React Native vs Ionic Framework?
The Mobile development race is on!
It has become a trend for mobile apps to lure in more traffic than conventional websites that are characterized as old, clunky, and slow. Many businesses are integrating mobile apps that work well across both platforms: Android and iOS. While native mobile applications have several advantages such as speed, increased responsiveness, and top optimization, mobile applications demand rapid development, and if that comes at the price of a tiny performance dip (unnoticeable by the untrained eye), it’s an acceptable sacrifice.
The two popular hybrid app frameworks we will be discussing are React Native, which was developed by Facebook to provide support to iOS app development. When it was met with good response, Facebook decided to create an Android version, enabling library mobile UIs across both platforms.
Ionic Framework, the other popular framework, is an open source framework. Every piece of code is license free and comes at no cost. Since the Ionic is open source framework, it is constantly updated, rehashed, and developed to provide on-the-go support to mobile app development. This ensures that any apps developed are fully stable across platforms and would not break down in the event of a software update in mobile phones (a regular feature for both Android and iOS).
Facebook developed React Native under an open source license, allowing other platforms like Windows and Ubuntu to get support in the future. Making things look favorable for React Native is that any and all building blocks are entirely reusable components. Both iOS and Android counterparts provide the same experience and look as a result.
The component-based structure of React Native replicates the speed, responsiveness, and optimization of native mobile apps while remaining both easy and quick to develop despite being classified as a hybrid app.
Components developed with React Native UI are compatible with any existing app’s code, requiring little in the way of rewrites, if any. This makes the hybrid framework of more use to businesses and startups because it saves both time and money.
Ionic Frameworks is derived from Angular, making the development relatively smoother because Angular is touted as one of the most scalable frameworks on the market. This has placed a high demand for programmers knowledgeable in angular, encouraging prospective job applicants to start learning it. Some people have even described Ionic Framework as a good starter kit that eventually enables programmers to code on Angular as well.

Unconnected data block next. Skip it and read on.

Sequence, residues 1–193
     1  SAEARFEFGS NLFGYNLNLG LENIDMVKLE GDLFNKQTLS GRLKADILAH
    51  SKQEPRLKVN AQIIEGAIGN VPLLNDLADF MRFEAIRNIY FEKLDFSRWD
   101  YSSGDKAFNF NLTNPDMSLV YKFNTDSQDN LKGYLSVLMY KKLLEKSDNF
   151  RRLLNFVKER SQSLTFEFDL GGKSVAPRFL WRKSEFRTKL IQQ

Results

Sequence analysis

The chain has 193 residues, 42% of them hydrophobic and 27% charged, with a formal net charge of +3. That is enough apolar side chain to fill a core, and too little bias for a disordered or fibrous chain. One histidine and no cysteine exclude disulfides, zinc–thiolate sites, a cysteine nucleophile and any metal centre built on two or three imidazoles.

As is true for every other software platform, React Native has a large community of developers always ready to offer help in any way needed. In contrast, the founders of Ionic Framework regularly offer assistance on their respective social media accounts about app development.
Native app development is very restrictive because of low productivity, slow development times, and incompatibility across different platforms. This makes React Native strong because it brings speed, scalability, and ease of deployment across different apps while still retaining results you would expect from native apps.
React Native has compatibility with third-party plugins, which means that if a particular developer isn’t well versed in coding, they don’t have to rely on WebView. Speaking of plugins, Ionic offers the incredibly versatile Cordova plugins that make it easy to access several hidden features of an operating system such as location, battery and optimization of applications.
While it is hard to choose between the two frameworks, if it came down to selecting one app over the other, we would definitely recommend React Native because it offers several advantages, namely the benefit of Cordova plugins and unparalleled access to limitless customization options. The end result is a fluid, scalable, and versatile app that looks good and runs perfect on both platforms.
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